Compound preserves heart cells, tissue after heart attack or stroke damage

New compounds may be able to keep the heart cells of patients who experience a heart attack or stroke intact while also protecting them against additional injury that can happen after such an event.

During a heart attack, the blood supply to the heart is interrupted, starving heart cells and surrounding tissue of oxygen and eventually causing them to die. This drop-off of oxygen--called an ischemic cascade--causes a sudden crush of metabolic waste that damages cell membranes as well as the mitochondria.

Investigators at the Florida campus of the Scripps Research Institute found that inhibiting the enzyme c-jun-N-terminal kinase, or JNK, reduced the total volume of tissue death as much as 34%. It also guarded against further injury from restored blood flow after an attack, a process known as reperfusion, and reduced mitochondrial dysfunction. The study was published Feb. 8 in The Journal of Biological Chemistry.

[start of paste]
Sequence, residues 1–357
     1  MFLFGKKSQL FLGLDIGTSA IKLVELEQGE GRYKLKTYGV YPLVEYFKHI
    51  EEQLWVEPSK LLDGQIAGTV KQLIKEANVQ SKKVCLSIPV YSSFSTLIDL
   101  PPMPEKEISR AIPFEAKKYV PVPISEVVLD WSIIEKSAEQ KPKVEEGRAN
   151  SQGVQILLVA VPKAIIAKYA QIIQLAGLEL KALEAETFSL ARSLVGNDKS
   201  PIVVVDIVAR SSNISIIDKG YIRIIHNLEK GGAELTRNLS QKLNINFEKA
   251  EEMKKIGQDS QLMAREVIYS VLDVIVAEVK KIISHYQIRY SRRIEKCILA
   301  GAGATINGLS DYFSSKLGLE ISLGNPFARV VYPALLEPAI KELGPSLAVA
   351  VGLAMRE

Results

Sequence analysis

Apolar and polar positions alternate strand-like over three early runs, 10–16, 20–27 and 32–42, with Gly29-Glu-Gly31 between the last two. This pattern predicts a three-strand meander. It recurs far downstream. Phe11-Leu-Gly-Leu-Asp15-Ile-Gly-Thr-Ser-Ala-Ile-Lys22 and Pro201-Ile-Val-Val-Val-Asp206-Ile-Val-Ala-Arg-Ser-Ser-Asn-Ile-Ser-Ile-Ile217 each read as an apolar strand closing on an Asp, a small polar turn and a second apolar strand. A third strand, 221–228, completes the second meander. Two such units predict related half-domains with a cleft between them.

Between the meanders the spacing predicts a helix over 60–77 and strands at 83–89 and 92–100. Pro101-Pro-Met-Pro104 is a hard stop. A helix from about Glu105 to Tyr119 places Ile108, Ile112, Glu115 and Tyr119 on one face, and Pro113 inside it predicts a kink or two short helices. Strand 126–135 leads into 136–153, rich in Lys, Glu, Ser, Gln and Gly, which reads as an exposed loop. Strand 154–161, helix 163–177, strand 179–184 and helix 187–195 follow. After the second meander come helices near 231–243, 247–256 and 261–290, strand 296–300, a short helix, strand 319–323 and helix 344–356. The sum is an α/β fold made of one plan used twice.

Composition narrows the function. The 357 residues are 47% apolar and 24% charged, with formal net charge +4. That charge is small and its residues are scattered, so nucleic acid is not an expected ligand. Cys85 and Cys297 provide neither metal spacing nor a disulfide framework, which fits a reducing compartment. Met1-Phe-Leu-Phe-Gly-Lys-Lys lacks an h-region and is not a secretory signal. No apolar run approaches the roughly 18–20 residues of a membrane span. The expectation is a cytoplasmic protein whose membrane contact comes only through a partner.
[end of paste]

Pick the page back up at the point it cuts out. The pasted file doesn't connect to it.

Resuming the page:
In previous studies, Scripps researchers found that JNK migrates to the mitochondria during oxidative stress, and coupled with JNK activation, that migration is associated with numerous serious health issues, such as neuronal cell death, stroke and heart attack.

"What we found was that preventing the migration event also protected against the infarction in these animal models," Philip LoGrasso, lead study author and senior scientific director of discovery biology at Scripps Florida, said to FierceBiotechResearch.

LoGrasso said the compounds could also be used to block cell destruction in Parkinson's patients.

Opko Health has licensed the compounds from Scripps, and LoGrasso said the company is getting close to completing toxicology studies.

- read the press release